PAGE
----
I've recounted the history of the First Baptist Church in Durham in detail here. The church decided to move from its N. Mangum St. location during the 1920s and construct a larger sanctuary on Cleveland St. Although Cleveland St. was a residential neighborhood of large well-appointed houses, it appears that there was a previous Primitive Baptist mission located at or near this site.
Rendering of the proposed new building, 1924.
The resulting large, neoclassical structure was completed in 1927.
Below, a clip from the H. Lee Waters films of Durham, showing kids playing and rollerskating in front of the church. In the northward-facing shots, you can see the Blackwell Markham house in the background.
Below, the facade as seen from Cleveland st., likely 1950s
View of the northeast portion of downtown ~1960, with First Baptist at the end of Chapel Hill St. Notice the surrounding residences.
(Courtesy Duke Archives)
An education building wing was added to the south side of the church in 1962.
Laying of the cornerstone for the First Baptist Church Education Building, 05.20.62
(Courtesy The Herald-Sun)
The loop and the conversion of the last block of East Chapel Hill St. into a parking lot have somewhat diminished the effect, but this building remains the best remaining terminating vista in downtown - from the moment you cross Five Points heading east on Chapel Hill St., you see this impressive building at the end of the road.
First Baptist Church, 2006
First Baptist is also likely the largest private landowner on east side of downtown, owning approximately two city blocks, the vast majority of which is parking.
Across that gulf of parking are the remaining houses of Cleveland St., in the Cleveland St. portion of the Cleveland-Holloway historic district. The big and beautiful houses that once surrounded First Baptist were demolished via urban renewal, the Loop, and by the church itself.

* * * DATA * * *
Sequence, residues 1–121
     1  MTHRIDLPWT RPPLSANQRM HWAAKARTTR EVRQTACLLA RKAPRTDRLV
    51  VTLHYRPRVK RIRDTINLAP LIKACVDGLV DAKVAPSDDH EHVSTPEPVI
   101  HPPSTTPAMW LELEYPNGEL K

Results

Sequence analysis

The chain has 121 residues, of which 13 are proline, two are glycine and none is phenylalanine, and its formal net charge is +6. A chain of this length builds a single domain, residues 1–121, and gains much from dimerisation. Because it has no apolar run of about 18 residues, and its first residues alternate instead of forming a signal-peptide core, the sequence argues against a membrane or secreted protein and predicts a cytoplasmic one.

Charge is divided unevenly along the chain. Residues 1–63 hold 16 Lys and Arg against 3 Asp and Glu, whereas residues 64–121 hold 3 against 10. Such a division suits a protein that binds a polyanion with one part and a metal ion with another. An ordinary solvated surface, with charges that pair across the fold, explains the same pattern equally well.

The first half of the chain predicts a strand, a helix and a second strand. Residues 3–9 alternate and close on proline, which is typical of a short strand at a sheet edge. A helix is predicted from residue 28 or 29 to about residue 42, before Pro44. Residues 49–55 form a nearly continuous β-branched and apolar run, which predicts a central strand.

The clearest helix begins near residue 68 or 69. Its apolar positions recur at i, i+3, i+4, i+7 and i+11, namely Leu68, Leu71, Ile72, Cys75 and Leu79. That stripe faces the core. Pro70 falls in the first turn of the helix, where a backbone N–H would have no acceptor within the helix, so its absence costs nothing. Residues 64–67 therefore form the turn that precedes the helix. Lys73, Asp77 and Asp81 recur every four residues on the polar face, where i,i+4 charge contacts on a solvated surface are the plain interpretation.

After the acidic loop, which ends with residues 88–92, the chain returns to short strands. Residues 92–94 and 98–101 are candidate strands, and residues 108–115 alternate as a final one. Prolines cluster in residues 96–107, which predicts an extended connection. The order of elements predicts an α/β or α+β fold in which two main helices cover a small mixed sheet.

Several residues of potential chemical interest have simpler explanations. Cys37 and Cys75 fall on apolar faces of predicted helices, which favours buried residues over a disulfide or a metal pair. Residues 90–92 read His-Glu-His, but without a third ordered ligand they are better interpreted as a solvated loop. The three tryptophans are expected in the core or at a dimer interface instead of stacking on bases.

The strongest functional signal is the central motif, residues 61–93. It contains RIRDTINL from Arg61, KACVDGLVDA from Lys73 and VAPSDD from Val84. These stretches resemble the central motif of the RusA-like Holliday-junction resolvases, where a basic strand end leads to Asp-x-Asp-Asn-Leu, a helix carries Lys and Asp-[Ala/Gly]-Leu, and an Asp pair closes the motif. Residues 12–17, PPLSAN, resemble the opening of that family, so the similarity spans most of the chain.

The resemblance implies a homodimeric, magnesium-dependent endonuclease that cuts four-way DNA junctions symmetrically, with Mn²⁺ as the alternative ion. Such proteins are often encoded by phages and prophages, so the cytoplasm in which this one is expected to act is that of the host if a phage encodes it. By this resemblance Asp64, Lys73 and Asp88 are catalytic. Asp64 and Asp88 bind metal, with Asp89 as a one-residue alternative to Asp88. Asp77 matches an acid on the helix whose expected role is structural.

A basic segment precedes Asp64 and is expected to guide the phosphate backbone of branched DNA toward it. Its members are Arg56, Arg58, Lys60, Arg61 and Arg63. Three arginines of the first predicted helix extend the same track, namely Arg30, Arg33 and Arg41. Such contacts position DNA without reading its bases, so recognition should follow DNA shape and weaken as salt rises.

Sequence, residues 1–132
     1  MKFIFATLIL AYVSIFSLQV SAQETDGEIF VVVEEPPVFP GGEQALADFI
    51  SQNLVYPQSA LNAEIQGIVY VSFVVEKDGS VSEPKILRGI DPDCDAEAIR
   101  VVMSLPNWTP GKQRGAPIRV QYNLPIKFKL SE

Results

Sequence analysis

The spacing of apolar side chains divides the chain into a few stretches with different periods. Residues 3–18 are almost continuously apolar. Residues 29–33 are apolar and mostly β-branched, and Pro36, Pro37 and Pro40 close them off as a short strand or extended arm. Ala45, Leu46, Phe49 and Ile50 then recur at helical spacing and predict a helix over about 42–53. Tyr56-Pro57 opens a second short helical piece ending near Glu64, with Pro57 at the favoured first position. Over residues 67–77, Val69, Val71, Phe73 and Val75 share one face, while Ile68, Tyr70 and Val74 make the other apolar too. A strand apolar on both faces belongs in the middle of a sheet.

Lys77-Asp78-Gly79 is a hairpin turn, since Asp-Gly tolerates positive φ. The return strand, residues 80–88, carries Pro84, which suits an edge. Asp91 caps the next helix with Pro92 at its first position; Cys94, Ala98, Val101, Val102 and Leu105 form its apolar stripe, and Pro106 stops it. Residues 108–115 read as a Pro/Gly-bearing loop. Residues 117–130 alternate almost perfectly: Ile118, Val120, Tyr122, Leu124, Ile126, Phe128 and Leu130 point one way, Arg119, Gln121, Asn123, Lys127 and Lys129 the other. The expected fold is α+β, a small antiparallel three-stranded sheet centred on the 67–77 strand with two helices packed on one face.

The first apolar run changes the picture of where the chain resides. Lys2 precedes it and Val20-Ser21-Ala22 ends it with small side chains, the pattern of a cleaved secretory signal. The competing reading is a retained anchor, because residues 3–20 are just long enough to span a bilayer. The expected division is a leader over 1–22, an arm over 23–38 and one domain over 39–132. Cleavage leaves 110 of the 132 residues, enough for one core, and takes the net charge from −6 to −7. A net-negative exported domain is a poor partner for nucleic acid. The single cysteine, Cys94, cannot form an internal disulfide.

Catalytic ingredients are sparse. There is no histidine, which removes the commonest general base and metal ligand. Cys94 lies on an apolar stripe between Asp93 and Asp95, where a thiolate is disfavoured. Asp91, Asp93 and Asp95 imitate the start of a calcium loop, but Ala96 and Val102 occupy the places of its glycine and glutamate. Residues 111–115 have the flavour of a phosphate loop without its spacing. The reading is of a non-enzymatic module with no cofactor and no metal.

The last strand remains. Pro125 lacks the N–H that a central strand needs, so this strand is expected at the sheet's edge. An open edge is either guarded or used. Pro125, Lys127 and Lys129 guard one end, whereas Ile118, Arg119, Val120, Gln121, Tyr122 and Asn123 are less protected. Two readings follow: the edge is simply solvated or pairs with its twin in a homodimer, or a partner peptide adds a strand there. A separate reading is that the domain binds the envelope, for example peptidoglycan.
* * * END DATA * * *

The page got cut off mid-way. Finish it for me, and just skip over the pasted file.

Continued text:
Rumor on the street is that the church is itching for new sanctuary. I don't know if they would plan to build it on their vacant block to the north or not. I would encourage them to think more broadly. It has been awhile since I've directly criticized churches on here - although Housing for New Hope arose somehow out of (and I may not have this right) First Presbyterian and St. Philips. But churches are often the last ones standing in an obliterated urban area, and accumulate large land holdings. Too often, they create large landscapes of surface parking that are little utilized outside of Sunday. At worst, they are, nationally, frequent agents of demolition of historic structures as they expand.
Building community, a mission for most churches, is a broader endeavor than fellowship among the people who drive to the church and providing charity. The physical environment surrounding churches is extremely important in determining the success of the surrounding neighborhood. What is needed on the majority of the big, nearly empty lot to the north of the current First Baptist sancturary is mixed-use (corner grocery + residences), mixed-income development that will reconnect the residential areas east of Roxboro (and the Holloway portion of the historic district) with those west (the Cleveland St. portion of the historic district, which connects to Little Five Points.) I hope that they will consider reconnecting community as part of their mission - not just packing in more people from afar on Sunday.